No one who visits the Smokies, particularly during the summer, should be surprised to encounter that long-time park phenomenon known as the bear jam.
Someone spots a black bear along a park road. Brakes bring the car to a screeching halt. Sometimes the bear spotter pulls to the side of the road (if possible). Sometimes the driver will simply stop in the road, overly excited by the possibility of seeing a bear in the wild and not being too concerned about following traffic. It’s a bear, after all. Everything else becomes secondary.
|A black bear walks down Hyatt Lane in Cades Cove—a popular destination for wildlife viewing thanks to the open fields and abundance of natural food sources. Photo by Warren Bielenberg.|
Other cars arrive on both sides of the road. It’s a pretty good bet that an animal of some sort has been seen if drivers turn the road into a parking lot. Within a few minutes, there’s a bear jam, with traffic backing up in both directions.
I am a veteran bear jammer, having encountered such vehicular duress on numerous occasions and in numerous park locations. They are all quite similar. People leave their cars—even in the middle of the road—and run toward the crowd, anxious to get a glimpse of the bear before it returns to the relative safety of the woods. Cell phone cameras are aimed with precision. And sometimes the more reckless in the group may wander too close to the bear—a very bad idea.
Bear jams are not unusual in Cades Cove, and on that narrow, one-way loop through that magical valley, they can tie up traffic for long periods. And perhaps it’s no surprise. Seeing a black bear in the wild for the first time is a memory many will cherish for the rest of their lives.
|Bear jams have been a feature of Great Smoky Mountains National Park since the very beginning. Thankfully, visitors and park staff have adopted better management practices over the years, and feeding or approaching black bears is now prohibited by federal law. Photo courtesy GSMNP Archives.|
“As many times as I have been to the cove and as many bear jams as I’ve experienced, I still get just as excited about seeing bears as visitors do,” said Valerie Polk, videographer for Great Smoky Mountains Association who created the film A Place Called Cades Cove. “Bears are so driven by their appetites that they venture near the roads for things like blackberries and herbaceous plants to eat. They dangle in cherry trees near parking areas and field edges creating an aerial spectacle for visitors. Unfortunately, there can be quite a lot of food-type garbage, scraps, wrappers, and such that attract them to areas people use too, which is something that visitors can help prevent. The opportunity to watch a black bear in its native habitat feeding on its favorite natural seasonal food—from a safe distance—is spectacular.”
The last time I encountered a bear in the cove, I was behind about 20 other cars. A park ranger was already on the scene attempting to un-jam the jam. I noticed that the bear in question—a cub—was on a large limb overhanging the road. As traffic slowly moved through the area, a guy on a motorcycle stopped directly under the bear and zeroed in on the critter with his cell phone.
This was not advisable, as the ranger quickly informed the visitor, and he moved along, probably with a very fuzzy photo of the already-fuzzy bear.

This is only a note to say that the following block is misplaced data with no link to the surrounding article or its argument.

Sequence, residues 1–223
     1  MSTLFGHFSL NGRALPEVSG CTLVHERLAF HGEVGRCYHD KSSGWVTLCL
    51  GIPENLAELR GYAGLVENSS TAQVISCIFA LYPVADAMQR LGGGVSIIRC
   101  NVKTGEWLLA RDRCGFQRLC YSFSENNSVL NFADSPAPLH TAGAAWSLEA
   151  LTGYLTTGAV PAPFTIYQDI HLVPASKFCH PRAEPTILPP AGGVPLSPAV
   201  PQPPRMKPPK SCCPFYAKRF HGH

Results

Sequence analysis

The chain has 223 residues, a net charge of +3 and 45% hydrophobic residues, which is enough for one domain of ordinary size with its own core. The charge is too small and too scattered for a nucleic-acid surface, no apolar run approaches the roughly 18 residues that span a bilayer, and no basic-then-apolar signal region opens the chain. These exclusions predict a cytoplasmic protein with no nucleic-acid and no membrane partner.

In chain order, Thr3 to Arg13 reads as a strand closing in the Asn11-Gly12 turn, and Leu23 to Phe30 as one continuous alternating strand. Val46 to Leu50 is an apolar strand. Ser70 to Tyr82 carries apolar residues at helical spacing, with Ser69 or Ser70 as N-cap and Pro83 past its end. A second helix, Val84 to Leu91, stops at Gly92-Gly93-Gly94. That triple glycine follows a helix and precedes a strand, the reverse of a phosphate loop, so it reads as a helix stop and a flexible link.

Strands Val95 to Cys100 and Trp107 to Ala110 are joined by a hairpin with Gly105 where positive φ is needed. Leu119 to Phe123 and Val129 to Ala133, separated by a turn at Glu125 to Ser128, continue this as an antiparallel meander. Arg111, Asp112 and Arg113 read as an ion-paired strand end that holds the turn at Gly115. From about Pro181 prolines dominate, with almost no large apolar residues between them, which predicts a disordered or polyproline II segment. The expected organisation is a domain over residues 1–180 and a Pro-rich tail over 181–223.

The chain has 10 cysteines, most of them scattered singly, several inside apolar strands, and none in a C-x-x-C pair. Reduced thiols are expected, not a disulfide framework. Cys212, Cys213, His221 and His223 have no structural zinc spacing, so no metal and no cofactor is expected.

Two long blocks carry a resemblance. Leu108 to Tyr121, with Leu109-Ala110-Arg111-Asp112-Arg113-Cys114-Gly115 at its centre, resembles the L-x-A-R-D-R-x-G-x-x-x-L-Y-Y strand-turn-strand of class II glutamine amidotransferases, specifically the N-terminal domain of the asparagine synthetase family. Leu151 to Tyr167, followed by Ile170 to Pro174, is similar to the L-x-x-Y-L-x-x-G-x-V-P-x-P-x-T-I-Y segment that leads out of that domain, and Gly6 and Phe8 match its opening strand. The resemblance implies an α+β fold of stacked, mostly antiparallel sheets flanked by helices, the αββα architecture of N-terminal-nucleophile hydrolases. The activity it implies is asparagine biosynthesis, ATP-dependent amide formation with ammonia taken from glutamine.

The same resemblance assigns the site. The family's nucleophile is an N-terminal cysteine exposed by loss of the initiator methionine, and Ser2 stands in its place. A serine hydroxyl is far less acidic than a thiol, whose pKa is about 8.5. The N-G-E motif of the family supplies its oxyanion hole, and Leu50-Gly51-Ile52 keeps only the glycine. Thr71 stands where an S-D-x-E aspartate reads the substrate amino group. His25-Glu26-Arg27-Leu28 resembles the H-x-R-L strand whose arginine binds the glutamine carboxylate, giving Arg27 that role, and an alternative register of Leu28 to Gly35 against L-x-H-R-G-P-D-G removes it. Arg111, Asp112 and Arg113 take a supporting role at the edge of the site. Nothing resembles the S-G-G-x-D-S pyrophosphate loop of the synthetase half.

For some who work in the Smokies, bear jams have become such an inseparable part of the park experience that wildlife encounters without a roadside audience seem to stand out.
|A single stoppage on the one-way Cades Cove Loop Road can cause major delays. Photo by Warren Bielenberg.|
"After working at Cades Cove Visitor Center between 2016 and 2018 and experiencing many, many bear jams—some of which added a good 20 to 30 minutes onto my commute without the reward of even seeing the bear—I couldn't help but feel the universe was somehow rewarding me for my patience during a recent trip to the Canadian Rockies,” said Emma Oxford, who now works as a graphic designer for GSMA. “Driving through Yoho National Park, which felt almost deserted in the shoulder-season month of May, I spotted something big and brown loping along the river. I asked my wife to pull the car over and quickly recognized the animal as one neither of us had seen before—a grizzly bear. Incredibly, the bear decided to wade through a shallow section of water, climb the hillside to the highway, and saunter right across the road in front of our car, which we remained inside, naturally. It was truly an encounter I will never forget.”
While some of the most remote parks may offer less-crowded roadside viewing experiences, the bear-jam phenomenon is not unique to the Smokies. On a visit to Glacier National Park a few years ago, I rounded a curve to see a line of cars pulled to the side of the road and a crowd of about 25 people watching something in the nearby brush. “A bear!” I yelled to no one in particular.
Not much gets past me in the national park environment.
After parking safely, we joined the crowd, and sure enough, they were watching a grizzly about 75 yards away, the distance maintained by a watchful park ranger. Suddenly, the grizzly stood up to its full height (an awesome sight) and surveyed the surroundings, seemingly paying little attention to the humans gasping in awe and firing off photo after photo.
After a few minutes of this excellent experience, the ranger politely suggested that we return to our cars so that traffic along that particular road could return to some level of normalcy.
For me, it reinforced the idea that, given the chance to see a large native animal in the wild, most people will seize the opportunity. For at least a while, their driving skills are in the backseat.
Mike Hembree is a veteran journalist and the author of 14 books. He has visited 26 national parks and hopes to add many more to that list.